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Harvard yesterday released results of tests on the water supply, indicating that levels of potentially cancer causing chemicals in the Cambridge water supply have dropped below the maximum level allowed by the federal Environmental Protection Agency (EPA).
The Harvard tests, conducted last Thursday by New England Chromochem, confirmed earlier tests by Cambridge officials which showed that the levels of trihalomethanes (THMs) in the water posed no danger to city residents. Levels of THMs--which are known to cause cancer in certain laboratory animals--in the water had exceeded the EPA maximum from July, 1988 to December, 1989.
The THM levels in the water during the last two years do not constitute an "acute or even chronic health hazard," said University Health Services Director David S. Rosenthal, in a statement released yesterday.
The results of Harvard's tests, which were collected at five different locations around the campus, revealed THM levels ranging from 26 to 36 parts per billion--significantly lower than the city's most recent findings, which recorded levels ranging from 65 to 75 parts per billion.
The Harvard results were also well below the historical average for the city, which ranges from approximately 45 to 65 parts per billion, according to city Water Superintendent John J. Cusack, Jr.
"That [the low THM level] makes sense because we've been making some changes in the water system," said Cusack, "We are happy to hear those results."
Cusack said Cambridge has recently modernized its water system to cut the level of THMs, which form when chlorine added to water to kill dangerous bacteria reacts with organic material, such as leaves and wood. Recent changes to the system include adjustments in the filtering process and a switch to non-chlorine based chemicals, Cusack said.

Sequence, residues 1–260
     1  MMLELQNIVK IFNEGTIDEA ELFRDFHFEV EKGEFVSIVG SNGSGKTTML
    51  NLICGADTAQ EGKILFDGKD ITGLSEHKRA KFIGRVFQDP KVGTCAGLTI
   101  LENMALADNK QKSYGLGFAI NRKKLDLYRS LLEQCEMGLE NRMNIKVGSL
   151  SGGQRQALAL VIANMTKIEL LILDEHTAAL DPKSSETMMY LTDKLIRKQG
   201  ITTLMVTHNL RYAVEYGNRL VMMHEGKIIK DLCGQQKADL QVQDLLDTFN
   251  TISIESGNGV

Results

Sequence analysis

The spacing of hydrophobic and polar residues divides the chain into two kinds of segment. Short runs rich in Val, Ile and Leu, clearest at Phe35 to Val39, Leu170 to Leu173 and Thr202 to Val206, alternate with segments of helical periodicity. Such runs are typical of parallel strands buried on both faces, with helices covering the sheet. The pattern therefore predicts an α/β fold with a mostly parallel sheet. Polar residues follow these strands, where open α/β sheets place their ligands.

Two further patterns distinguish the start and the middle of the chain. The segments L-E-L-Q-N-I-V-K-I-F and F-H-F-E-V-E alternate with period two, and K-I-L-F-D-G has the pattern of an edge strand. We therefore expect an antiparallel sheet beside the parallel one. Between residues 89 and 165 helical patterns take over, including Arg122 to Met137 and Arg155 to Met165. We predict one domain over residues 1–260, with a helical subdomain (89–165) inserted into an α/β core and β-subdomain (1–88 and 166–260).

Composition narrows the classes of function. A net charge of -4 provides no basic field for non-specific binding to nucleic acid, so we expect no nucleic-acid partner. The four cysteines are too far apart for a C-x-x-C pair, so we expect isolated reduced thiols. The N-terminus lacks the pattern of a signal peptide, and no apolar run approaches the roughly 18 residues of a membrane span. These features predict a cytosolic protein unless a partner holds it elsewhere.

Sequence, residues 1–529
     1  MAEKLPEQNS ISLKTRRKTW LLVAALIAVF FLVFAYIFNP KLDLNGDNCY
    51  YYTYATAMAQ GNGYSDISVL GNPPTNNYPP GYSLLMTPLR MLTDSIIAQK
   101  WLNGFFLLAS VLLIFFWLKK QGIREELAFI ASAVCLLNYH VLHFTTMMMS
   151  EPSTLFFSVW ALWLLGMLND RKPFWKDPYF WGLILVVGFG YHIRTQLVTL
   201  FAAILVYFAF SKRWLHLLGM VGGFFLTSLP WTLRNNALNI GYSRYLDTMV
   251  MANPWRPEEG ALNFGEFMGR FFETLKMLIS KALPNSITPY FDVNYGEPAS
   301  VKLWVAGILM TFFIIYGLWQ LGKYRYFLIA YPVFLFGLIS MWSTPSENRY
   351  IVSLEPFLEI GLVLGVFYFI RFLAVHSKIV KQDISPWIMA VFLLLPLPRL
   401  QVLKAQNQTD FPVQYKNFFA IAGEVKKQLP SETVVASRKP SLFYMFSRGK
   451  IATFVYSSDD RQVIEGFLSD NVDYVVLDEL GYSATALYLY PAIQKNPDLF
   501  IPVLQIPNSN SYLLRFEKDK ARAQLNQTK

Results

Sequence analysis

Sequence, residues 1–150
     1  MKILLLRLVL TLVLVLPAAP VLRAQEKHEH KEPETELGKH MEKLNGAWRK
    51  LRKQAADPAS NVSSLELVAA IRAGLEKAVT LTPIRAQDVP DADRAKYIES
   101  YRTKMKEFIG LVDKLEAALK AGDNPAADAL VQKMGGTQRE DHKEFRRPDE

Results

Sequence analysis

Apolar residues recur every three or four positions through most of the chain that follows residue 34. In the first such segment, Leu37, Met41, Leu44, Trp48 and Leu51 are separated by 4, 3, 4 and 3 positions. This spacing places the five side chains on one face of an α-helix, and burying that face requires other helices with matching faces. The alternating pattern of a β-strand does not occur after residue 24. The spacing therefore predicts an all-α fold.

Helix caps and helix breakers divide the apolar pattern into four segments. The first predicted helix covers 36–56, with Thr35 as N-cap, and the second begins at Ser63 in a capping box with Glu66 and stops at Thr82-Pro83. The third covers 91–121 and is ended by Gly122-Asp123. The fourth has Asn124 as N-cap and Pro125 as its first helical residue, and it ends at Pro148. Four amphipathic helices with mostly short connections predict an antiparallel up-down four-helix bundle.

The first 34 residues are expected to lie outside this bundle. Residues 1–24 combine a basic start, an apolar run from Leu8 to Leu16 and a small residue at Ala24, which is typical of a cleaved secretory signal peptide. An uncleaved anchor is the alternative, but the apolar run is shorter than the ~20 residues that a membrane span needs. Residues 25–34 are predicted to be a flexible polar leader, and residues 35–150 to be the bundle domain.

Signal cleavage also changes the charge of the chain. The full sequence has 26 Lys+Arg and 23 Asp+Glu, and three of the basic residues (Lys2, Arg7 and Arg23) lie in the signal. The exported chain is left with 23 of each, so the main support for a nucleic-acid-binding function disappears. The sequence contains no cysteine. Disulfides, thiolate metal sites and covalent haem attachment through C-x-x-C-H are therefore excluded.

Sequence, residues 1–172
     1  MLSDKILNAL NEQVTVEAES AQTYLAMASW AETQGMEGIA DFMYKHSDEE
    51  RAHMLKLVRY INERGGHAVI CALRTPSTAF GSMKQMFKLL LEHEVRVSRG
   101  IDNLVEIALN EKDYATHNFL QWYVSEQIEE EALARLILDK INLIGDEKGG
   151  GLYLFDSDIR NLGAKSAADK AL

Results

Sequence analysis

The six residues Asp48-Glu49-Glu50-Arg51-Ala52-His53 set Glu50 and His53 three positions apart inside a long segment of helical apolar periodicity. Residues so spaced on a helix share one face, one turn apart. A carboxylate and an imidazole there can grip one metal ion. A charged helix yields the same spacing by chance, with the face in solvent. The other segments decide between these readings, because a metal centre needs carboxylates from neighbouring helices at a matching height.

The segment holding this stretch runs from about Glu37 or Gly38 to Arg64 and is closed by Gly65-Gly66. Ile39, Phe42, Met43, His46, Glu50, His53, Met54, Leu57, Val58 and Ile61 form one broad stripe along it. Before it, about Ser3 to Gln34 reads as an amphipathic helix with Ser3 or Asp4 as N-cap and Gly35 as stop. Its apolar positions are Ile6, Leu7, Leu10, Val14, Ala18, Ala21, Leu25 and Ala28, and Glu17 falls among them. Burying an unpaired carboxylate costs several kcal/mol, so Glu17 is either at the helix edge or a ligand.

Officals at Harvard's Environmental Health and Safety office said that the testing would not continue on a regular basis.
"At this point we plan to keep an eye on the water with the Cambridge Water Department," said Peter M. Bochnak, a Harvard senior safety specialist. "As far as testing on a regular basis, we have not been asked to do it."
But Leverett House Master John E. Dowling '57 said that "it wouldn't hurt" the University to begin regular water testing.
Dowling said he was upset over that Harvard did not begin the testing process when it was first informed of the EPA violations last January.
"If Cambridge water continues to be marginal Harvard should do its own testing," Dowling said.
In January, the city Water Department sent letters to customers telling them that levels of THMs in water exceeded EPA limits from July, 1988 through December, 1989. But last month, dean of the College L. Fred Jewett '57 told house masters that Harvard had already tested campus water and found it safe, according to Dowling.
At that time, tests had been scheduled but not yet conducted. Because Jewett and the house masters believed that the water quality had been tested, they did not tell students about the Cambridge letter, Dowling said.
According to a statement released yesterday bythe University the water was not tested until lastweek. The statement attributed the delay inconducting the tests to problems finding anEPA-certified laboratory, the necessity offollowing EPA protocols and proceduraldifficulties.
State Senator Michael J. Barrett '70(D-Cambridge), the sponsor of a state bill tosafeguard the city's perennially plagued watershedsystem, said that he was pleased that the Harvardtests confirmed the Cambridge tests.
"As the father of nine-month-old twins whodrink formula made with Cambridge water, I amrelieved," said Barrett.
But Barrett criticized the continuing highsodium content in the water and called for renewedlegislative action to protect and improve theCambridge water.
"The effort has just begun," Barrett said. "TheCambridge water still needs to be improved. Thecritical issue is are we going to protect thereservoir."
Barrett currently has a bill in the stateSenate that would create a "zoning overlay" overthe Cambridge water reseviors. Barrett'slegislation would supersede local zoning andprevent development near Cambridge's water supply
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